MUSIC

Lady Gaga Leads the “Kindness Punks” in a Fight for Peace in “Stupid Love” Video

"Stupid Love" is a return to the Lady Gaga we fell in love with a decade ago.

In a world that valorizes independence, it can be difficult to admit that all you want is to be loved.

But that's exactly what Lady Gaga does in her latest single, "Stupid Love." Clad in pink lingerie and wearing futuristic headgear, she proclaims over and over that all she truly wants is affection.

The song itself isn't exquisite, but it serves its purpose well. The drop is electrifying, ideal for cathartic club nights and drunk Lyft singalongs. The track and video both feel like they could be straight out of 2011, perhaps a B-side on Born This Way.

Will songs like "Stupid Love" hold up in 2020, though? The jaded experimentalism of Billie Eilish and the multi-genre stylings of Lil Nas X seem to be taking precedence over traditional pop. In a world where all art is political, immediately susceptible to rigorous Twitter analysis and the whims of TikTok algorithms, Gaga's old bag tricks may not serve her as well as they once did. Plus, the wild costumes and antics she became known for are now staples in the music industry.

Fortunately, Gaga—always an intoxicating showwoman—is adept at crafting magnetic visuals, and the "Stupid Love" video certainly takes advantage of her ever-futuristic artistic sensibilities.

In the video, Gaga plays the leader of a group called the "Kindness Punks," a militant dance team fighting for peace in a violent world. "The world rots in conflict," an opening statement reads in the video's first frame. "Many tribes fight for dominance. While the Spiritual ones pray and sleep for peace, the Kindness punks fight for Chromatica." From there, Gaga and her futuristic hippie punks dance their way across a desert, twirling past luminescent crystal rock formations until they come into contact with two conflicting troupes. Gaga manages to levitate some of the brawlers, and peace is achieved.

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Chromatica is most likely the name of Gaga's forthcoming album, which is slated to drop in the next few weeks. Judging by this single, it'll be a return to her dance-bangers of old, and—after the folky turn of Joanne and A Star Is Born—it feels like coming home. "I put all my heart, all my pain, all my messages from the other realm [into this album]," said Gaga to Zane Lowe in a recent Apple Music interview. "I want people to dance and feel happy."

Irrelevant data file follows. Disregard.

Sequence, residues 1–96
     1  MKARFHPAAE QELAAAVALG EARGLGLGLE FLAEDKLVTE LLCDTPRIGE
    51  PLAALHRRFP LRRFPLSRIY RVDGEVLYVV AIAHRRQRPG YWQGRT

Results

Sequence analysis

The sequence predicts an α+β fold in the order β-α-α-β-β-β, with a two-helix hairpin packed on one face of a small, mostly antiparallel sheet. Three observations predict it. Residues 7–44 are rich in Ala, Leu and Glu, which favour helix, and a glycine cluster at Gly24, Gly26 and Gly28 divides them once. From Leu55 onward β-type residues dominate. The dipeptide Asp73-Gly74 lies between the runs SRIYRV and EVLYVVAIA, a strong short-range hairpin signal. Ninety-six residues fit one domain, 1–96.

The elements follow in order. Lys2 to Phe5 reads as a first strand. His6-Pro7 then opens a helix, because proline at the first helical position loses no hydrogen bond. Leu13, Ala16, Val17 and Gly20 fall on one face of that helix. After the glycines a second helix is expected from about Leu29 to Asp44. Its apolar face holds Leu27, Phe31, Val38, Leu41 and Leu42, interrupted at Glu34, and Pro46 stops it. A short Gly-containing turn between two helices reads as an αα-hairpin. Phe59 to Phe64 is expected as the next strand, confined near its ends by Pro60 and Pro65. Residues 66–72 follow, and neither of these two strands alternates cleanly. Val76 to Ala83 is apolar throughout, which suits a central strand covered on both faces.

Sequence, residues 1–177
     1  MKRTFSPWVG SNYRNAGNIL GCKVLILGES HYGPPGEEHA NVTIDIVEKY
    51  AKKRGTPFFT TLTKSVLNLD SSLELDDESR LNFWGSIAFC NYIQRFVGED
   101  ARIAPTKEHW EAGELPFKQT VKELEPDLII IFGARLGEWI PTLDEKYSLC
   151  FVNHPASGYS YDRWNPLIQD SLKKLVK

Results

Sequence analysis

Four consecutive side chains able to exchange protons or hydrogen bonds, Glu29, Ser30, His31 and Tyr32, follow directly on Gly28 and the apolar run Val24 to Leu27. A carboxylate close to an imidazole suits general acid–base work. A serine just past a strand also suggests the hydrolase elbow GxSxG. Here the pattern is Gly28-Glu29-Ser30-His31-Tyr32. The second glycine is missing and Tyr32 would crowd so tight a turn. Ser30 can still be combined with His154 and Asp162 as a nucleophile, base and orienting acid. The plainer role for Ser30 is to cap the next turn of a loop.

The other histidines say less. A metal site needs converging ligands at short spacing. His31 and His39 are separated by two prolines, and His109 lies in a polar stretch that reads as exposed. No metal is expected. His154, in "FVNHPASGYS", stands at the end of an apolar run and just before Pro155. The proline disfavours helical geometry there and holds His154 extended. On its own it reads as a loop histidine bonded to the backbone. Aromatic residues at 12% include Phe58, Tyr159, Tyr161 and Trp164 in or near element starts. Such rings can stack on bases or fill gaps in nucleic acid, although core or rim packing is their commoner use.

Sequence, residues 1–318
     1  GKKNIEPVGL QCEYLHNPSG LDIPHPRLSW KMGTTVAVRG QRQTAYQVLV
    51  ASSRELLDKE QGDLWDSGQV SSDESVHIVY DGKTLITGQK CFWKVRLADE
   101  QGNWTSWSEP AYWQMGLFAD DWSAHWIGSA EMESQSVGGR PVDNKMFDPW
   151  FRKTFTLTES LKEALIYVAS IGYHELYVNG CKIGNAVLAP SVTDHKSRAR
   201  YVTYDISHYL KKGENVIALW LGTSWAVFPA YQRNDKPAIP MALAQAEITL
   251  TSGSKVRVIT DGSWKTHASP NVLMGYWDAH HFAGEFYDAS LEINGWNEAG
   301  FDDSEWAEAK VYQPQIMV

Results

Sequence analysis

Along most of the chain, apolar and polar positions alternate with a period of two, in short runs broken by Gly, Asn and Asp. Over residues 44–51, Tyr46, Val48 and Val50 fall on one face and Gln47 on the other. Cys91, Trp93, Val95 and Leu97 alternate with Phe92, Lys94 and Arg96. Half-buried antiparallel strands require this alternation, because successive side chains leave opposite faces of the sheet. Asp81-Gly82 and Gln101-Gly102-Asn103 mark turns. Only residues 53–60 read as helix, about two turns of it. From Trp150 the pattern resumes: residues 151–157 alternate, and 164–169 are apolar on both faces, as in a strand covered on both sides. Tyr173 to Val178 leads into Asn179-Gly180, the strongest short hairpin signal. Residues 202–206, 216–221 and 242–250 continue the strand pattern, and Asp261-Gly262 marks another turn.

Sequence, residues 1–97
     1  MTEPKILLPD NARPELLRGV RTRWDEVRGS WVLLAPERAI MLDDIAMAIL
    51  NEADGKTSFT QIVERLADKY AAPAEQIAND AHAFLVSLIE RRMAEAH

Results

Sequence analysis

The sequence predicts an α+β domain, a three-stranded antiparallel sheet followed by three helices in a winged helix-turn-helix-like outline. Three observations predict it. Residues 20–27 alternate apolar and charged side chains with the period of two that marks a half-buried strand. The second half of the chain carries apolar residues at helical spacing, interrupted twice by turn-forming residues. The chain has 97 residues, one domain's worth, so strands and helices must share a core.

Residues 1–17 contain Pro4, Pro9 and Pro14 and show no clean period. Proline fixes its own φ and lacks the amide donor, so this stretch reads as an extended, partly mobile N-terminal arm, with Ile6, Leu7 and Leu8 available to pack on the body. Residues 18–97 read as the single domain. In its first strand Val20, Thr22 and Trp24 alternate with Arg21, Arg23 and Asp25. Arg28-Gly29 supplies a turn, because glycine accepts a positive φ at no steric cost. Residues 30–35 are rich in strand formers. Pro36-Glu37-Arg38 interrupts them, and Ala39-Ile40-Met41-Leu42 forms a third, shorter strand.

Gaga accompanied the video release with a tweet that read "Earth is cancelled," but maybe she's just in time. In a world run by Trumps and Putins pushed to paranoia by coronavirus and apocalyptic climate change headlines, of course love is probably the only thing that can save us. Gaga's just one of the few pop stars not afraid to shout it from the rooftops.

MUSIC

Elton John Is a Timeless Musical God (with Walking Pneumonia)

Over the weekend Elton John pushed his devotion to his fans to new limits before his illness forced him to cut a concert short.

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Elton John has been producing incredible music and putting on high energy live shows since the 1960s.

He's a timeless musical icon. He could easily have called it quits 40 years ago, and the world would still be singing along to "Bennie and the Jets" and "Tiny Dancer" and a dozen other hits. Instead, he has continued putting out hits into his 70s.

Just two weeks ago he was awarded his second Oscar for his song "(I'm Gonna) Love Me Again," from the soundtrack to the Elton John biopic Rocketman, and he put on a powerful performance at the ceremony that had viewers googling his age. He's 72 years old now, but his voice betrayed no sense of decline—as forceful and vibrant as ever. From the Oscars he almost immediately got on a plane to the other side of the world to perform for stadiums full of devoted fans as part of his "Farewell Yellow Brick Road" worldwide tour.

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What is it that keeps him going at a pace that would drain men half his age? Is he a greedy man? No doubt the ticket sales make the travel worth his time, but over the weekend he made it clear that he's not in this for himself. On Sunday night in Auckland, New Zealand, John had been diagnosed with walking pneumonia, but he got on stage anyway. He played and sang until he couldn't anymore. He collapsed onto a stool after delivering "Someone Saved My Life Tonight," and medical assistance was on hand with oxygen to help him recover and continue the show. All this drama while the cheering crowd looked on. When, finally, he could not sing another bar, he broke down in tears and was escorted off the stage.

In an Instagram post shortly after, John apologized to concertgoers, saying, "I want to thank everyone who attended tonight's gig in Auckland. I was diagnosed with walking pneumonia earlier today, but I was determined to give you the best show humanly possible. I played and sang my heart out, until my voice could sing no more. I'm disappointed, deeply upset and sorry. I gave it all I had." Despite the fact that he performed for over two hours while seriously ill, he was apologizing to his fans for not delivering the best possible concert. He is not just a musical god, but an icon of devotion and hard work. Elton John is better than we deserve.

The remainder of his Auckland shows have been rescheduled for January of next year while John recovers his health and prepares for the next leg of his tour. This tour is intended as his last, but it's still hard to imagine a man like Elton John ever stopping. He will be performing in Europe, Australia, and North America throughout 2020.